Concerts

Last Night: Boobapalooza at Rhythm Room

As much as my inner-feminist resents a show called "Boobapalooza," last night's Rhythm Room breast cancer benefit was rather respectful. Uh, in its own way. 


I guess if you consider vintage footage of pinups dancing with bouncing, healthy breasts on white sand beaches respectful, then that works. Even the flyer shows two sexy silhouettes with presumably healthy, intact breasts. I couldn't help but think of the millions of mastectomies that have been performed to prevent breast cancer from spreading from organ to organ. But Boobapalooza's heart was in the right place . . . right under some big, luscious tatas. 

The Love Me Nots, The Mod Zombies, The Hard Fall Hearts and Scorpion vs. Tarantula (Disclosure: The band includes New Times staffers) took the stage to raise money for breast cancer research in rock (and/or "billy" style), awkward moments be damned. 


After a "big, breast cancer round of applause," San Diego's Hard Fall Hearts skipped work the next day to play a solid punkabilly set --- a mix of sounds recalling Jason DeVore from Authority Zero, Pepper and Jerry Lee Lewis. Bassist "Highway J" made the upright his bitch, climbing atop it, and slapping the piss right out of the strings.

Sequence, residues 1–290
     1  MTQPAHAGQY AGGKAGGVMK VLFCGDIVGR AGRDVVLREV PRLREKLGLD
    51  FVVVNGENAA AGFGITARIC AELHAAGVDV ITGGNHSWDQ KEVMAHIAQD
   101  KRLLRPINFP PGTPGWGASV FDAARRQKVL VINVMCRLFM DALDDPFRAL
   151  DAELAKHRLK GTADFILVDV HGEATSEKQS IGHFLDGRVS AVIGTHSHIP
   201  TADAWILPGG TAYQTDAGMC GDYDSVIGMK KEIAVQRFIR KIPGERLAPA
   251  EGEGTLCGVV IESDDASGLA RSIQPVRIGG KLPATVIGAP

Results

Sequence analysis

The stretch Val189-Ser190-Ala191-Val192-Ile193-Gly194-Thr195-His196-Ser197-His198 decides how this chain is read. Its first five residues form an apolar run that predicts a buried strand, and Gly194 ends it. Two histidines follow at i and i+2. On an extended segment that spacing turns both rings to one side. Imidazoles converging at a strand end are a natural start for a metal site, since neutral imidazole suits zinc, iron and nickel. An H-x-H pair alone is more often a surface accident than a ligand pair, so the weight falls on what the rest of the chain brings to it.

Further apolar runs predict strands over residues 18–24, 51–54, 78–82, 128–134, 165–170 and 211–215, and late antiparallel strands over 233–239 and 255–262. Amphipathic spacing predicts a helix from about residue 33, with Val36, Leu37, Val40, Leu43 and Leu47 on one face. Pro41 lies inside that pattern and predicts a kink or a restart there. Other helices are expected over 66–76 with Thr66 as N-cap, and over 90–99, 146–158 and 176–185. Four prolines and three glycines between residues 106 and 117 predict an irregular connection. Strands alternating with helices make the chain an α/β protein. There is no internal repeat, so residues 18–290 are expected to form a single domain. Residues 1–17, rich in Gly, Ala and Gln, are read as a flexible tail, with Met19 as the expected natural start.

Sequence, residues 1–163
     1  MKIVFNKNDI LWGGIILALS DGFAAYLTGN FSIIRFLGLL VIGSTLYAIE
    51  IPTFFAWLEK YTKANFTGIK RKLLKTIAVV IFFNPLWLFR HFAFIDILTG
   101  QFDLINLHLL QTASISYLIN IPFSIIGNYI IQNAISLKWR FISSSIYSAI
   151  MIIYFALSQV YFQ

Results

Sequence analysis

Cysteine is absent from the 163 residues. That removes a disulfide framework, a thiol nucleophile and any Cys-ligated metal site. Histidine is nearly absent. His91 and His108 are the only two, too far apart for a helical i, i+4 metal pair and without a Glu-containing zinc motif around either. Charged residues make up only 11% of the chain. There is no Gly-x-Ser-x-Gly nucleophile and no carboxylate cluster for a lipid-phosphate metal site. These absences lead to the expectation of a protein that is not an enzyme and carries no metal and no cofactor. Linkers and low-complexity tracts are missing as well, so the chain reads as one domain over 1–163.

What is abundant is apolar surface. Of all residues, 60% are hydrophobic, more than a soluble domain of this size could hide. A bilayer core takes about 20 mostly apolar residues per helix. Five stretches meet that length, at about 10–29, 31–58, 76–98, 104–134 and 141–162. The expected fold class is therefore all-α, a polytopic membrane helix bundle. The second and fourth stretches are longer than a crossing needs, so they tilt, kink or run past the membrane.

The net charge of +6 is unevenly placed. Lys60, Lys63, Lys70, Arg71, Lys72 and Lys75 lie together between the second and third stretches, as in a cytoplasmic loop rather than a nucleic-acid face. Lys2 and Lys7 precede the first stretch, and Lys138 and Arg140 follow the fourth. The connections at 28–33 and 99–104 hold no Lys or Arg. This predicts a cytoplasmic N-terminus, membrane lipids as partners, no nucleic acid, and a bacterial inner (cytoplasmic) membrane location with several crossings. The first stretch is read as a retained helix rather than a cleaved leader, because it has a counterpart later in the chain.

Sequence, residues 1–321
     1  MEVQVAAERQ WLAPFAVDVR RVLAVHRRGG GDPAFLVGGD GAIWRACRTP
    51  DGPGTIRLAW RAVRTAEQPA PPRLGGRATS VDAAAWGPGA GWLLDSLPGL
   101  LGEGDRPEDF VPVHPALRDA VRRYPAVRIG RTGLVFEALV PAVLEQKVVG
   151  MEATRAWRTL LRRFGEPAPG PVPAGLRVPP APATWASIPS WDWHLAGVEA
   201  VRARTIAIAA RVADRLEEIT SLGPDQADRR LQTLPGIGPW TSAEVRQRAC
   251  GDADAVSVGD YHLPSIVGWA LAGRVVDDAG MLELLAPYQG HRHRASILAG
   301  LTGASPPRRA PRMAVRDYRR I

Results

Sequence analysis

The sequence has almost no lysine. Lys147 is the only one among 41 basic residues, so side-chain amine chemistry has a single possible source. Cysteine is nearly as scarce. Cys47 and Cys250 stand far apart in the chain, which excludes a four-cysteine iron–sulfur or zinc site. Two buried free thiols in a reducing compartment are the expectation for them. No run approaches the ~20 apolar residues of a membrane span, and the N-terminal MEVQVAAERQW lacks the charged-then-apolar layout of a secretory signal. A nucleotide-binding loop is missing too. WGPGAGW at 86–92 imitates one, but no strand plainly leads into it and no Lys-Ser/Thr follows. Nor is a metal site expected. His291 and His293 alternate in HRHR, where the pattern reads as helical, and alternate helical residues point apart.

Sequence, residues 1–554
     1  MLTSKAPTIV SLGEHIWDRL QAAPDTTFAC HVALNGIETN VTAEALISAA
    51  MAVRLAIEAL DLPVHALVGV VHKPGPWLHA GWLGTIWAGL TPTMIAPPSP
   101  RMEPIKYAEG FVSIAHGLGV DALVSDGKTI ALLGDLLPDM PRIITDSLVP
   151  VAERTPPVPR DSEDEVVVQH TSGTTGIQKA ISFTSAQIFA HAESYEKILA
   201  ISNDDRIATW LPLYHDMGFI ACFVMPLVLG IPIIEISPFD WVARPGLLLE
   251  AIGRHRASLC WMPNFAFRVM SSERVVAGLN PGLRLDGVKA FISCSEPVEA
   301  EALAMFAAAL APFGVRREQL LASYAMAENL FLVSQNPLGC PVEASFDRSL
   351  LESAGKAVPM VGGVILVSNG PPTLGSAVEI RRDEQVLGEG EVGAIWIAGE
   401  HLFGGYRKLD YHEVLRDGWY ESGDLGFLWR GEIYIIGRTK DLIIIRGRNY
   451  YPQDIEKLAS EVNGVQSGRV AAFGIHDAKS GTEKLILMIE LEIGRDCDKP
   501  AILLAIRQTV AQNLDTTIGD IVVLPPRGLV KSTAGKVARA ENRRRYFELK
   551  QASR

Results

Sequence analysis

The Mod Zombies, with their rockabilly Scottsdale-themed ditties, worked over the crowd with songs that make you say "Hey, we live there!" Though a smidge incongruent, their sound aligns with the deep, distorted sound of lead singer Albert Hamper's guitar. 


Fluorescent pink stockings, flamingo hats, some of these weird clubbing legwarmers and boobie cookies nearly outshined the talent on stage, but with a $10 cover, about 75 people in the crowd and a good cause, who can resist a little delicious distastefulness? 

Follow us on Twitter and friend us on Facebook

KEEP PHOENIX NEW TIMES FREE... Since we started Phoenix New Times, it has been defined as the free, independent voice of Phoenix, and we'd like to keep it that way. With local media under siege, it's more important than ever for us to rally support behind funding our local journalism. You can help by participating in our "I Support" program, allowing us to keep offering readers access to our incisive coverage of local news, food and culture with no paywalls.
Christina Caldwell